Tuesday, February 16, 2016

A Monkey Made me Do It - Teaching Kids to Re-Think

I am Bullyproof Music blog
Before kids say something mean, before they behave in a disruptive manner that causes themselves and others grief, before they feel a bad feeling - or a good feeling - or any kind of feeling, they think a thought! 
True or not?

That's why I'm always warning kids about "monkey thoughts." I teach my students to look inside their heads. Never assume what one is thinking is really the truth. That can be lethal! Because sometimes, honestly? It's all just blah blah - the things we say to ourselves. Lots of that stuff is super in-accurate.

So what's a "monkey thought?" 
Oh, that's the easy part. "Monkey thoughts" are those pesky little thoughts, noisy and annoying, that make us fret, get us upset, make us fidgety, and ruin our day!

"This is too hard!" - monkey thought

"The world is ending!" - monkey thought

"No one likes me..."  - monkey thought.

"I am SOOOOO bored!"- monkey thought

"Life is SO unfair!" - monkey thought

"Teaching is killing me!" - Teacher attacked by a monkey on a bad day.
No, you'll live. A better thought might be, "Today is pretty pathetic, but I'm certain tomorrow will be better. If not, there's always ice cream."

Catching on? It's not rocket science. Bad moods are often just weird thoughts gone astray. They're monkey-made.monkey thought bullyproof rainbow kids
The Good News!
The good news is that most kids, once monkeys are explained to them, can learn to tame their critters pretty easily. After all, we're not talking about real monkeys who swing from big trees. Those monkeys would be tricky to tame. But worry monkeys? Downer monkeys? They're mostly easy to get rid of once they're spotted.

Bullying and self-bullying
Kids who are mean to themselves in their heads end up being mean to others - just to make themselves feel better. But what if that student never had that self-bullying thought in the first place? How would they act then? Much more kindly, I'm certain.

Students who are habitually confrontational? Quite often, they're just victims of bad monkey habits! Asking the right question: "What exactly were you thinking right before you did that weird thing?" can solve a lot.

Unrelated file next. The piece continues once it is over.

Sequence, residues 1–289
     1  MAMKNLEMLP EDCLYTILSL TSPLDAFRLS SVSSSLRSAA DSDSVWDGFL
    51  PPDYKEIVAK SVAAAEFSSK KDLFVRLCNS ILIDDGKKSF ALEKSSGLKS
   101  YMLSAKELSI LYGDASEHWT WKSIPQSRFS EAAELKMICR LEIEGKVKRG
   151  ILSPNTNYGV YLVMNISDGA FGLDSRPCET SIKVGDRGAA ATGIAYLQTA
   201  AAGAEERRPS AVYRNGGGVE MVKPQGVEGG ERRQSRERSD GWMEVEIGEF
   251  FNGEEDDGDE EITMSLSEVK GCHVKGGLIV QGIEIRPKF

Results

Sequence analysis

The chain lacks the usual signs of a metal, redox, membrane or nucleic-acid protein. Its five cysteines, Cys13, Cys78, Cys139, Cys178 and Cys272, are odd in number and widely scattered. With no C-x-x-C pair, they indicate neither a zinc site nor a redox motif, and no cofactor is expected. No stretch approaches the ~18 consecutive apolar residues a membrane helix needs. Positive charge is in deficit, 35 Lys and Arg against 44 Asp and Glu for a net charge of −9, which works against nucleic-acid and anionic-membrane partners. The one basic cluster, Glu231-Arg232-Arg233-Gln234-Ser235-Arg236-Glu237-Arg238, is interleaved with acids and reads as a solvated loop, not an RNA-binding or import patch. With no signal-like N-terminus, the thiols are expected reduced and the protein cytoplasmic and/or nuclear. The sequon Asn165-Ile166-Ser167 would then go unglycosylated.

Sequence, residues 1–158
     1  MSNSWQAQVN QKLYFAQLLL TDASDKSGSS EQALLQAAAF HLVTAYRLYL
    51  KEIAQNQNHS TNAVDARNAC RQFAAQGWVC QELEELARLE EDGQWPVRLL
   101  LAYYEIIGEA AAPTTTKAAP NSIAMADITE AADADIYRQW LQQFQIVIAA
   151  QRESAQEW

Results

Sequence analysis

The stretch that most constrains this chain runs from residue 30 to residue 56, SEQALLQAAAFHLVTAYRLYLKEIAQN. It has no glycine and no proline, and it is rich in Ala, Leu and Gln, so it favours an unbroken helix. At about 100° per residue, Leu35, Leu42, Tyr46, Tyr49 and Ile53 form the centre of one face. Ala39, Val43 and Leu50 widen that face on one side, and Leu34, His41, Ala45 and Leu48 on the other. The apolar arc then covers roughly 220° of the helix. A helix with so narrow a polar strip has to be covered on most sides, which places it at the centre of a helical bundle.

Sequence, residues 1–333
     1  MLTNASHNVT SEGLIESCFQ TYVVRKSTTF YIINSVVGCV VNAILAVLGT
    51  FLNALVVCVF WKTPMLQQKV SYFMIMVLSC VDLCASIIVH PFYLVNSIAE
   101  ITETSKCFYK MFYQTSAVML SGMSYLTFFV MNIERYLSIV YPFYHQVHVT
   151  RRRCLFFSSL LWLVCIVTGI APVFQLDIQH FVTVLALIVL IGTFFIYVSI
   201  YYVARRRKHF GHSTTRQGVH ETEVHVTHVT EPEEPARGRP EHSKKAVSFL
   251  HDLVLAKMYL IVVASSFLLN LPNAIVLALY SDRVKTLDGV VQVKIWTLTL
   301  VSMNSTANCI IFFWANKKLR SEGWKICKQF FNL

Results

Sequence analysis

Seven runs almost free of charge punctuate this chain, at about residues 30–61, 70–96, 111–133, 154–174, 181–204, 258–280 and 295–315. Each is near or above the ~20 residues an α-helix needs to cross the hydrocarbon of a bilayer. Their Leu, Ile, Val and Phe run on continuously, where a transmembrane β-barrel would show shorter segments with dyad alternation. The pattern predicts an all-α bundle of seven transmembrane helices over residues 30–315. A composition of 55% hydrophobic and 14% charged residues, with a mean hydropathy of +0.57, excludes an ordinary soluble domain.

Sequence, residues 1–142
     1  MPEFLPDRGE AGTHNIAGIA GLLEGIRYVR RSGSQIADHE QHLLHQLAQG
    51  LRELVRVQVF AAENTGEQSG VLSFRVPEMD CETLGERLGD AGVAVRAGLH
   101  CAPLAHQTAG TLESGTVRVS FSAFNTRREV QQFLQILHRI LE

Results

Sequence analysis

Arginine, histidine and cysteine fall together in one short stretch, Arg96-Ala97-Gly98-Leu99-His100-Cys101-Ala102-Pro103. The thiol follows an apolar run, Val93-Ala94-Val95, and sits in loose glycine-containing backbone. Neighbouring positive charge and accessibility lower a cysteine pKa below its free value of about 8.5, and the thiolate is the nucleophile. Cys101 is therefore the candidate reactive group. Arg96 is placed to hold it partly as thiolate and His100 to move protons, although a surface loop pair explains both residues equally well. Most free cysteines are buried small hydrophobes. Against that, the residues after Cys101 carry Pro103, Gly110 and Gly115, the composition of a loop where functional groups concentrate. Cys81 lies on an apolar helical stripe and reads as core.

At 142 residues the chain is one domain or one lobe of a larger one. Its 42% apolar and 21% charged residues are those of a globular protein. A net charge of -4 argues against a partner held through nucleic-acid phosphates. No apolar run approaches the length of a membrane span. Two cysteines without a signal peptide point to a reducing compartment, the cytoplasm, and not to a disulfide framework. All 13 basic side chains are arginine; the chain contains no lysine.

Misbehaving child scrunches up their face, ponders a bit, then mumbles, 'Uh.. I don't know..." to which I reply, "Yeah, I figured that. Maybe you should know!"

*Giggles from the kid* - followed by better behavior.

I exaggerate cutely when posing the question to younger students. With older kids, I edge it up: "Seriously? You can't control your monkeys?" *raised eyes*

That usually gets me a smile. And sometimes even, "I'll try harder."

Back from me: "Thank you. That's all I ask."

FYI: The "monkey mind" term is "mindfulness" lingo. I didn't make it up. Just being clear.

Girl Talk
I often ask girls in a muddle, "What exactly did you say to yourself - right before you fell into the drama?" Most girls can easily track their feelings back to negative thought. "I was thinking I'm a social klutz."

"Are you?"

"Not really."

"So stop thinking inaccurately."

*grin of relief* "Okay."

All better - and lesson learned. No need to get so dramatic. It was just a monkey attack.monkey warning
Boy Talk
I never ask boys about their feelings. After raising two boys and counseling oddles of them, I have learned "what were you thinking?" is a much better question to pose than, "What made you feel like that?"

Boys go cross-eyed when asked about feelings - yet are always willing to share what they think. It's a wording thing.

"All I ask is that you pay attention to what you're thinking before you do something odd."

"Okay. On it, teach!"

Believe it or not, that suggestion works miracles. Everyone knows boys like to track stuff.
But why am I typing so much? The students below explain even better. Use the videos below to help your students learn to tell the difference between positive and negative thoughts:

Kids on Vids 

CLICK HERE for a lovely lesson featuring two of my own fourth graders. The part about the hippo is especially good.

CLICK HERE for a more complex lesson featuring Bullyproof Rainbow kids. They rock!

CLICK HERE if you've been searching for a worry-not unit. I'm I am Bullyproof Music, so I always include a song. Here's a bit of the chorus:

He's just a monkey - he don't know squat....
just a silly little monkey who just likes to hear himself talk and talk and talk and talk...

dont worry ELA
And may none of us have monkeys. Happy Tuesday! ... Lessia Bonn


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